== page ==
Olivia Cole

On the Yeats trail in Galway

The Go Galway bus from Dublin sounds an unlikely pleasure, but it is both comfortable and punctual. There is free Wi-Fi if you want it, but it would be criminal to do anything other than gawp at the view. Two and a half hours pass quickly when you are travelling at sunset, passing between rain

‘Artmaking is a drug’ – interview with poet Paul Muldoon

A fellow festival-goer at the recent Calabash literary festival in Treasure Beach, Jamaica, enjoyed chatting to a gentle Irish poet called Paul. He told her he ‘dabbled’ in poetry, and she was seconds from asking if he was planning on reading any of his work at the open-mike session. When Paul Muldoon, the poet in

Editor’s letter

Ahead of the Scottish referendum in September, and as the country prepares for the Commonwealth Games, Spectator Life caught up with a new generation of fine Scottish actors who seem destined for Hollywood, from Joanna Vanderham, star of The Paradise, to Laura Fraser of Breaking Bad and Richard Madden and Rose Leslie, who you may recognise

Introducing Spectator Life Spring 2014

From Homeland to Game of Thrones and House of Cards, it’s an observation often made that we’re in a golden age of television. If there’s a TV renaissance afoot, and a renewed appreciation of what good writing, subtle character development and long form drama can achieve on a small screen, David Hare’s Johnny Worricker trilogy,

Editor’s letter

The late Anthony Minghella described our cover star, Ralph Fiennes, as a ‘held, slightly unknowable person’. Though I’ve long admired his work, I got to know him a little bit better when we met to talk about The Invisible Woman, his unforgettable account of Dickens’s secret life with his mistress Ellen Ternan. Fiennes both stars

Introducing Spectator Life Summer 2013

From fashion to festivals, Life’s summer issue arrives with your Spectator this week. On our cover this time is the film star Diane Kruger — Helen in Troy, and a scene-stealer in Quentin Tarantino’s Inglourious Basterds. A woman whose talent and sense of style I have long admired, when I met her in New York,

Celebrating extremes

Robert Mapplethorpe: A Season in Hell Alison Jacques Gallery, 16-18 Berners Street, London W1, until 21 November Robert Mapplethorpe’s 1985 self-portrait with little devil’s horns is one of the most instantly recognisable self-portraits in modern photography. Short-haired and cherubically handsome, his face turns back to the camera, an inappropriately appealing daemon, complete with a ‘devil-be-damned’

The Spectator’s 40 Poems You Should Know

That poetry is the “new rock ‘n’ roll” is an oft-uttered sentiment. But as its power to transport, provoke, console and seduce has been a constant for thousands of years now, I prefer to regard it as the old rock ‘n’ roll. The original, if you will… And it’s in this spirit that we’ve prepared

Is Oxford voting for a celebrity or a poet?

People who wouldn’t dream of having anything so trashy as Grazia on the coffee table, who claim not to be the slightest bit interested in the state of Brad and Angelina’s marriage, are often gripped by the seamy, rowdy lives of our poets and writers. They’re a source of glamour and gossip for more high-minded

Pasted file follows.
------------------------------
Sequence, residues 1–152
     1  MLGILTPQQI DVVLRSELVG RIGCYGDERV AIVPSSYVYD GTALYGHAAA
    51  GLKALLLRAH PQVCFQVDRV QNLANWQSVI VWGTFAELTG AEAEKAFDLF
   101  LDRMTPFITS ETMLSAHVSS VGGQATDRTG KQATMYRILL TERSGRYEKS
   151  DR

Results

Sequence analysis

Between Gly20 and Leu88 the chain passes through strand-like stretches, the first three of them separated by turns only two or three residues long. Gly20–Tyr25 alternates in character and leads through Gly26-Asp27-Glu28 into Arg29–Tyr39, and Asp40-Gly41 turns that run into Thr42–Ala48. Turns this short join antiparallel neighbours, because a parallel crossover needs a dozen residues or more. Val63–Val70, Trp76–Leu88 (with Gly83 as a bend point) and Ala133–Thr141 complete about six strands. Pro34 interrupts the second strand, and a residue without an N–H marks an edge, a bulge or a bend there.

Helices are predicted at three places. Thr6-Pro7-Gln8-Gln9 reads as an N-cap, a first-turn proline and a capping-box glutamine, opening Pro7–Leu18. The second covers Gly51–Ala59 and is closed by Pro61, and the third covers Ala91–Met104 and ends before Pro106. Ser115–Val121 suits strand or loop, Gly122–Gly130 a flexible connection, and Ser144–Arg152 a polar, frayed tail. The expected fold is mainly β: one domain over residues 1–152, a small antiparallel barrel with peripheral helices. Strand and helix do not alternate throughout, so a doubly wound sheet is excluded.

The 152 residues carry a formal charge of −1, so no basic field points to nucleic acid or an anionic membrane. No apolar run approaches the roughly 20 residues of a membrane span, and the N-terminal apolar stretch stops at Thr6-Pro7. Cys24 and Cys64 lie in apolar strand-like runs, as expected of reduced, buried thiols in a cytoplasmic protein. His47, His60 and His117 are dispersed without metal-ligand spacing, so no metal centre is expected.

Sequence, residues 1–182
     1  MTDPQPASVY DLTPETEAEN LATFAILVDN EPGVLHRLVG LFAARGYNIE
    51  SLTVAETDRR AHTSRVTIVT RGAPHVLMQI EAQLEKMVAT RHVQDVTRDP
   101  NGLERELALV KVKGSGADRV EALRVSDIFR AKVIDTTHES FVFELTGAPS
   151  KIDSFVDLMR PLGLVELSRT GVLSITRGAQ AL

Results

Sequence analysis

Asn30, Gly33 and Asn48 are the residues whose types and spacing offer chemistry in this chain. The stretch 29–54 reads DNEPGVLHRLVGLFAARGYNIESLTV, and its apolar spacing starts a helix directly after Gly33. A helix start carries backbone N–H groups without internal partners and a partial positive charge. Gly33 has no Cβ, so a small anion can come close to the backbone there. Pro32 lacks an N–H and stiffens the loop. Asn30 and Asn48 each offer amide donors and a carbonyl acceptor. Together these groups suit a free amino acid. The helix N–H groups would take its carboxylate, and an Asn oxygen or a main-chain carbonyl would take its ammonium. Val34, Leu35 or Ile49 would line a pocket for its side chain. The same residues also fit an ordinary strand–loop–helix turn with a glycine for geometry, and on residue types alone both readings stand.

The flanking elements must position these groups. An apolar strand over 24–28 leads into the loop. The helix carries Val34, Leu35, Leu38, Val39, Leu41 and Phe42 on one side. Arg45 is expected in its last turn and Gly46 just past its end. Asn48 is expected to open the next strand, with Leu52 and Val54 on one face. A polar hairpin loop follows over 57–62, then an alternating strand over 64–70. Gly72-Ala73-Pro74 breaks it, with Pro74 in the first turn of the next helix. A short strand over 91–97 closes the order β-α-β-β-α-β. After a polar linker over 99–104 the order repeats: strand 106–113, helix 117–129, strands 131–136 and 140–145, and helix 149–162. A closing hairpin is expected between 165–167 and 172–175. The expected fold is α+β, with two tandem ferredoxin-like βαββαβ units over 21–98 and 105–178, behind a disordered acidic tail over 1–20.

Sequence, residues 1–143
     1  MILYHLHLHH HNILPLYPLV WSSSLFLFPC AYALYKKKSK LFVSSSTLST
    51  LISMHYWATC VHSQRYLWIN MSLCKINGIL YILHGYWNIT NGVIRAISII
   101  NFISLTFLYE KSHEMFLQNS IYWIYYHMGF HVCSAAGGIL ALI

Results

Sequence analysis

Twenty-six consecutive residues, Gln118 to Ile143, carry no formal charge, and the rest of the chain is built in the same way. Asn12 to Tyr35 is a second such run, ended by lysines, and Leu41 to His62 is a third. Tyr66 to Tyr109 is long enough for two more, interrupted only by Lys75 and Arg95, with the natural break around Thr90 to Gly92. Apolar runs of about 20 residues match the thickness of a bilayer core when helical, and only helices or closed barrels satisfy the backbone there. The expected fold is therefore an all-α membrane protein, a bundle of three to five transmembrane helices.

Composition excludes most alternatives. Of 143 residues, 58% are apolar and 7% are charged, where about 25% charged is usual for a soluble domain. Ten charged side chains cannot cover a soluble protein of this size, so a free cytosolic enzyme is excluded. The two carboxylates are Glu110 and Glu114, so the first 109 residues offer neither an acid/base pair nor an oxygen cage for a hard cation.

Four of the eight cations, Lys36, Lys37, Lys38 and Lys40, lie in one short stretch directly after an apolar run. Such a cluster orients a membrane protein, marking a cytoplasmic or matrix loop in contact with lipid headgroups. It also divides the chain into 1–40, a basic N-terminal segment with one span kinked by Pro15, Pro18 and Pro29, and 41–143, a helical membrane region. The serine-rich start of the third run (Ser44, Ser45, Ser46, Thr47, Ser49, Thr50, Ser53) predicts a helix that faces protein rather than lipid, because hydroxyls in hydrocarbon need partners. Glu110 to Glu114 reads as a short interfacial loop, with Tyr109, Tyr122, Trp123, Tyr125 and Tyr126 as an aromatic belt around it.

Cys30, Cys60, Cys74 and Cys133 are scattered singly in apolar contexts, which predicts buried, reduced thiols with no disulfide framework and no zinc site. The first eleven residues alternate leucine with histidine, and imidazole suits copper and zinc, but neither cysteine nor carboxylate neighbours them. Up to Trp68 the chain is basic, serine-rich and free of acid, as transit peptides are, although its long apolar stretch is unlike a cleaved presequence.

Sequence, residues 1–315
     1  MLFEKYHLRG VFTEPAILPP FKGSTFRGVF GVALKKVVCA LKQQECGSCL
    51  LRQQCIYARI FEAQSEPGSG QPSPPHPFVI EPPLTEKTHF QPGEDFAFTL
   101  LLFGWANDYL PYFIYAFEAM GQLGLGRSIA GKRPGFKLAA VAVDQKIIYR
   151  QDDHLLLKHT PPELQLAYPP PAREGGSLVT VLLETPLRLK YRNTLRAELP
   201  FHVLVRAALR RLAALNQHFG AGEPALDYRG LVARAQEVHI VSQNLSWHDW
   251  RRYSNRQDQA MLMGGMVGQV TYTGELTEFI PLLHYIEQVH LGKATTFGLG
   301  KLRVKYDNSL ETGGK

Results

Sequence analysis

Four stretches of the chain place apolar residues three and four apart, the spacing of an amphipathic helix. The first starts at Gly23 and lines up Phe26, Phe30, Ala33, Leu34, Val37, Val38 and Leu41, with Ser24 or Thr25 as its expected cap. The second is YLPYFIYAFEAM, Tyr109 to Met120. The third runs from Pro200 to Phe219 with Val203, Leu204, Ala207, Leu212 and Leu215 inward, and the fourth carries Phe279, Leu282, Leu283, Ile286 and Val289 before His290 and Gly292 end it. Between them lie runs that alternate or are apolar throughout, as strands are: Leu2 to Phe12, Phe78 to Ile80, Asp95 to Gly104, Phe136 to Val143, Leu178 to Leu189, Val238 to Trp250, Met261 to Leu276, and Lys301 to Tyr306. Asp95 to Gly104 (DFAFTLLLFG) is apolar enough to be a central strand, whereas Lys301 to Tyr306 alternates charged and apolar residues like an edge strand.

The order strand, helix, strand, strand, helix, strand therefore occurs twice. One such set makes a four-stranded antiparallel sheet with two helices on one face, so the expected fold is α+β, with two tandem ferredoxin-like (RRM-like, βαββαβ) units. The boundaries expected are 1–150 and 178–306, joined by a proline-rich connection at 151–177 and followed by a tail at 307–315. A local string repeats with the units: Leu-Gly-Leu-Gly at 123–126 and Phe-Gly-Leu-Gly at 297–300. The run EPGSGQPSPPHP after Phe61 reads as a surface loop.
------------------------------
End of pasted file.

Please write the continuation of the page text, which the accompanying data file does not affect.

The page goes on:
How to put the nation’s pupils off great art for ever

‘Bathers at Asnières’ is a dreamily double-edged impressionist painting: an idyll as tricksy as the tiny dots, instead of brushstrokes, that Seurat used to paint. Young Parisian workers are stretched out like cats in the sun, or swimming in water so cool that you can almost feel it, and yet in the background the chimneys

Meet the new eco-toffs: Champagne Swampies

Olivia Cole says that the row over Heathrow’s third runway has revealed that despite the credit crunch there is a resilient class of celebrities and toffs with expensive green tastes Do you remember Champagne Socialists? Well, there’s a new version of that old clique, with the same curious mix of self-importance and self-indulgence but with

Dancing through danger

Olivia Cole on Victoria Hislop’s second novel Married to a permanently well-lunched Englishman, Sonia Cameron, the half-Spanish heroine of Victoria Hislop’s second novel The Return, seeks escapism — first in a local dance class (to which she becomes unexpectedly addicted) and, more compellingly, in a chapter of her family history by which she becomes distracted

All at sea in Shanghai

The conquering white male, guiltily plundering, seduced by exoticism and abundance but never quite sure that he’s not just the clueless foreigner being taken for a ride: so we have Tony Parson’s pugnacious hero Bill, clad in his designer suit. He is the ambitious corporate lawyer, billing for every hour he breathes, hoping to ‘make

Monsters and others

Olivia Cole ‘Make somebody up’ was the instruction to the 23 contributors to Zadie Smith’s short-story anthology The Book of Other People, published to benefit the Brooklyn children’s writing charity, 826 NYC, founded by Dave Eggers. While that might seem about as radical a command as telling screenwriters to use dialogue, the only rule being

A quartet of debutantes

The Great Stinkby Clare ClarkPenguin, £12.99, pp. 358, ISBN 0670915300 The Second Life of Samuel Tyneby Esi EdugyanVirago, £10.99, pp. 278, ISBN 1844081060 The Icarus Girlby Helen OyeyemiBloomsbury, £16.99, pp. 320, ISBN 0747575487 With an aversion to ghost stories I was surprised to find myself greatly moved by Strangers. Like the author, Taichi Yamada, Haidi